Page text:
(Included as a cover letter:)
Under the Idaho Public Records Act, Disclosure of Idaho Department of Corrections Records Under the Idaho Public Records Act, IDOC Public Records User Manual v3.0, section 2 (Types of Records) – you must allow this communication to proceed to its intended recipient so that it can be received and placed in my case management file and IDOC’s Department Business Operations Records.
This is NOT a disciplinary appeal.
Dear Mr. Fraser,
Thank you for reviewing my Disciplinary Offense Report. I appreciate your consideration. While I respect your ruling and understand its finality, I’m confused by your understanding of prisoners’ rights, Federal Guidelines for Disciplinary Due Process Procedures, Idaho Department of Corrections Policy 318 and IDOC Policy 316. Of specific interest to me is your phrasing that disciplinary “is not a criminal prosecution and does not require the same evidentiary thresholds or processes.”
I can understand these are not identical processes. I can not understand how that allows a person to be served with an offense, offered a hearing for that offense, given sanctions for the same offense, be denied their ability to appeal through forms and instructions made unavailable, and then have the offense they were served with and had a hearing for changed four months later.
The purpose of policy 318 is to “establish guidelines for ensuring the inmate disciplinary system is managed consistently, effectively, and ethically throughout the Idaho Department of Corrections.” This policy states, “Staff have specific authorized responsibilities for the inmate disciplinary system processes.” This is clearly made to extend to contract facilities under section 8 of this policy.
While IDOC may have neglected to have properly trained Grievance and Disciplinary Officers at Eagle Pass Correctional Facility, that is through no fault of the inmate. Had IDOC taken the time to inform EPCF that we classify offenses and process them differently from their usual non-English speaking immigration detainees, this wouldn’t be at issue. That being the case, because you plead guilty to and pay for a speeding ticket in Mexico, you would never reasonably expect that agreement to be discarded so you could be punished for vehicular assault four months later, in Idaho.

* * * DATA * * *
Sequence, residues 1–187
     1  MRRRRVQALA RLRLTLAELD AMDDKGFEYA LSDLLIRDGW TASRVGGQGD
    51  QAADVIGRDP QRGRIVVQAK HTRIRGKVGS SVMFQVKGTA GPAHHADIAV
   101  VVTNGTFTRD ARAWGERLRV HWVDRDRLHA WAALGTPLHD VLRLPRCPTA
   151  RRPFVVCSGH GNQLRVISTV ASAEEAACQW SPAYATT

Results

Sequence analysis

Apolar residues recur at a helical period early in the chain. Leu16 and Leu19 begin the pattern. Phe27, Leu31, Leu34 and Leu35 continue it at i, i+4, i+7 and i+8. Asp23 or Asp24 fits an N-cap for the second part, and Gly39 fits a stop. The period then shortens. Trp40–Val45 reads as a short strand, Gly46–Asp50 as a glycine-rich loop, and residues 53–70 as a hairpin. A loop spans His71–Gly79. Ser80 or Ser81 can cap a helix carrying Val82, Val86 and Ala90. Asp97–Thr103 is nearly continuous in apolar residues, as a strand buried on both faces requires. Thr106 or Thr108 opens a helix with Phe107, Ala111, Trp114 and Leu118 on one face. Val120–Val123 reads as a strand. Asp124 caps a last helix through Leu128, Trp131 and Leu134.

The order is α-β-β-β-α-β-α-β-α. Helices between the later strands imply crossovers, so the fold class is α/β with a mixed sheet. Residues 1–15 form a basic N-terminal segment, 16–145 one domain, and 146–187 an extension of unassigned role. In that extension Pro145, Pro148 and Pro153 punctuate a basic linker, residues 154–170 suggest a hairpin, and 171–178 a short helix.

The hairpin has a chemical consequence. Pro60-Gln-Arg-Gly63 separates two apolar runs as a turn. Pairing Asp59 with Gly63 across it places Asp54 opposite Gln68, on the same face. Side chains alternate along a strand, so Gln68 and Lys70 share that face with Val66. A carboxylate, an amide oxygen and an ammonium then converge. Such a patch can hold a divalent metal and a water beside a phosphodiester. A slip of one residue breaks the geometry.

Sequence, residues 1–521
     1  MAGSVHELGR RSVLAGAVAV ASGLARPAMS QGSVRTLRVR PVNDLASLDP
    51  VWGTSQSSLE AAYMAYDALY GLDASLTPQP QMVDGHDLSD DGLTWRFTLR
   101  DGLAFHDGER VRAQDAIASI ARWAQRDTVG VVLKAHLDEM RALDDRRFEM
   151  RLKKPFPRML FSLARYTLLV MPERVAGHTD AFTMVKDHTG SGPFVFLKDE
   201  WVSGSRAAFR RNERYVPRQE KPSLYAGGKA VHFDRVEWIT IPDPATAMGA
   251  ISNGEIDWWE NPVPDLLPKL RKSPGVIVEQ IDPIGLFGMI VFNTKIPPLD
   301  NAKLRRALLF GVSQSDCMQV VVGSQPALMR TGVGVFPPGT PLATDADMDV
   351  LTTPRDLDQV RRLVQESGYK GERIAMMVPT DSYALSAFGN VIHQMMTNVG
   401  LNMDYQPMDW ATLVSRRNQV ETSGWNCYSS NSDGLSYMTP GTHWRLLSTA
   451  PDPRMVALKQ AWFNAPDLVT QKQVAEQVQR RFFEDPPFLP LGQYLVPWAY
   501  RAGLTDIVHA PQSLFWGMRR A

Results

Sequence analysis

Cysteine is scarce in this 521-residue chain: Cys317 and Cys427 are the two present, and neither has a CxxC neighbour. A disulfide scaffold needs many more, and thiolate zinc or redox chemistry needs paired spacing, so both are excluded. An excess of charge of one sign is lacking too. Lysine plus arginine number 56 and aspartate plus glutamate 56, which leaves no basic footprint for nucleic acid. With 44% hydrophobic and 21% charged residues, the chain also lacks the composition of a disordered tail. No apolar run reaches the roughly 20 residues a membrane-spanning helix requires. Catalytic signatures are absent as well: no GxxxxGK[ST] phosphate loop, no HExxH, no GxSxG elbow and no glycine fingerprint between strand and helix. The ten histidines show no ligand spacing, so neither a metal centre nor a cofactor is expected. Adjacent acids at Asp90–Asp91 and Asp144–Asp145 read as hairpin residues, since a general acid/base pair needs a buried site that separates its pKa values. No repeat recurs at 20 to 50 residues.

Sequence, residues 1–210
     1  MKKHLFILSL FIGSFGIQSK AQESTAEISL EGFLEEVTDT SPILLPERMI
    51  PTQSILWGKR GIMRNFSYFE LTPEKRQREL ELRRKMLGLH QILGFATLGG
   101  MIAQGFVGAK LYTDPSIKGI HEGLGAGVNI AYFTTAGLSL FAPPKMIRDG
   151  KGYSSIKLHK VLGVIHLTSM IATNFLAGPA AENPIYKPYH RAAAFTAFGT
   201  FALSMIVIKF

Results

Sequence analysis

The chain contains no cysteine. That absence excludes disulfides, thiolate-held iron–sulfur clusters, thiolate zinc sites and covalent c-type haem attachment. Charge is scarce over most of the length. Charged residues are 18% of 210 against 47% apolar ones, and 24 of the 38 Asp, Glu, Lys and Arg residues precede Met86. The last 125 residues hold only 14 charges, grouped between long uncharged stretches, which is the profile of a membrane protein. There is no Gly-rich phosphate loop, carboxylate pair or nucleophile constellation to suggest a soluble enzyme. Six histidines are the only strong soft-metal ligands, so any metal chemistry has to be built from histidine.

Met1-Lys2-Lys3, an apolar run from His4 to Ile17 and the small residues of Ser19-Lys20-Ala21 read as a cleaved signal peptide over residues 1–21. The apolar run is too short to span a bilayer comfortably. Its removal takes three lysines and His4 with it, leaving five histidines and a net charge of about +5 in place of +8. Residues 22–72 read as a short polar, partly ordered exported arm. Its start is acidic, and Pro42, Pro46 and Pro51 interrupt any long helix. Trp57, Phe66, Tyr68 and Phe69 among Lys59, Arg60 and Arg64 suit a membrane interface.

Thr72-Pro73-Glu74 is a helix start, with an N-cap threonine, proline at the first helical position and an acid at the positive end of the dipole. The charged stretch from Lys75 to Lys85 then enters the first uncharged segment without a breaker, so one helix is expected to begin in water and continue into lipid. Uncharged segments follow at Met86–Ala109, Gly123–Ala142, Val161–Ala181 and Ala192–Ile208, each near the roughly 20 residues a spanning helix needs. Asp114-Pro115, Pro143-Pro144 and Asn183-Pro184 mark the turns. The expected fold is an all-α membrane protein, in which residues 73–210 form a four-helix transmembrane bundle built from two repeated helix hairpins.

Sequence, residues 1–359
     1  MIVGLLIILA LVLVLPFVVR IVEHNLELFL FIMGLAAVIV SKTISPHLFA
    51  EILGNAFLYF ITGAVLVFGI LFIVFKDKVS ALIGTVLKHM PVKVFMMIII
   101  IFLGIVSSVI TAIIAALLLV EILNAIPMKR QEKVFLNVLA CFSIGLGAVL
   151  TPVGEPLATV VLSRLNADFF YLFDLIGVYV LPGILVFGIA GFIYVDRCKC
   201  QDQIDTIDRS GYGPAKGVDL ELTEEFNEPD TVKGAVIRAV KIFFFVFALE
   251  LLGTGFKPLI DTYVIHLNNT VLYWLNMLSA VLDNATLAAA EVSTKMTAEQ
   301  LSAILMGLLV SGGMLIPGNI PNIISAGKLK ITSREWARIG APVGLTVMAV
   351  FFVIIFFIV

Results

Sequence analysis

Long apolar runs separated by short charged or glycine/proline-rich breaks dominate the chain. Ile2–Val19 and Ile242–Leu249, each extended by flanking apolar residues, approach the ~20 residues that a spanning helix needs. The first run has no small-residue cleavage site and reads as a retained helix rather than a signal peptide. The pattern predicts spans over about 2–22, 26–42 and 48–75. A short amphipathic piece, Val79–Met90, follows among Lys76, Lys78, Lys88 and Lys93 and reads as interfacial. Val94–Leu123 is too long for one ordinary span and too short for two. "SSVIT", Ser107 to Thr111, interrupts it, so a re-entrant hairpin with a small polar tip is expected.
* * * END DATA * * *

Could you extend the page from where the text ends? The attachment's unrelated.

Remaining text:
EPCF staff aren’t the only people “responsible” for the disciplinary system being managed “consistently, effectively, and ethically” as purposed by this policy. Although I have documented a great deal of references I’ve made to IDOC Agreement Number A18-002, no one person at GEO Group or IDOC appears interested in becoming familiar with section 5.5. This states, “Once all appeals processes are exhausted at the Facility, Inmates may submit an appeal to the IDOC Contract Monitor or designee.”
As my first appeal was never processed, I grieved a policy that was ineffective. Contrary to popular belief, this was not an appeal for disciplinary. This was an appeal for the basic human decency needed to provide the Appeals process offered by IDOC Policy 318. My grievance regarding retaliation was also not a disciplinary appeal. It was a grievance concerning classification that resulted from disciplinary action, and, according to Policy 316.02.01.001 (3. Exceptions:, Example 3), never should have been dismissed citing Policy 316. Furthermore, the response to this grievance recommended I could only present this issue using the appeals process that I previously grieved for not being made available.
If my attempt to use the provision placed in IDOC Agreement Number A18-002, section 5.5 was a test, the result was predictable. Tim Higgins and Monte Hansen, IDOC Contract Monitors, delegated their responsibility to Warden Waymon Barry – the same man responsible for my first nonexistent and disappearing appeal.
In my experience, the only thing being applied “consistently” and “effectively”, in regards to Policy 318 at IDOC’s Contract Facility, is a complete lack of morals, ethics, and competence. This is of an inmate’s concern. Please log it as such.
Patrick Irving 82431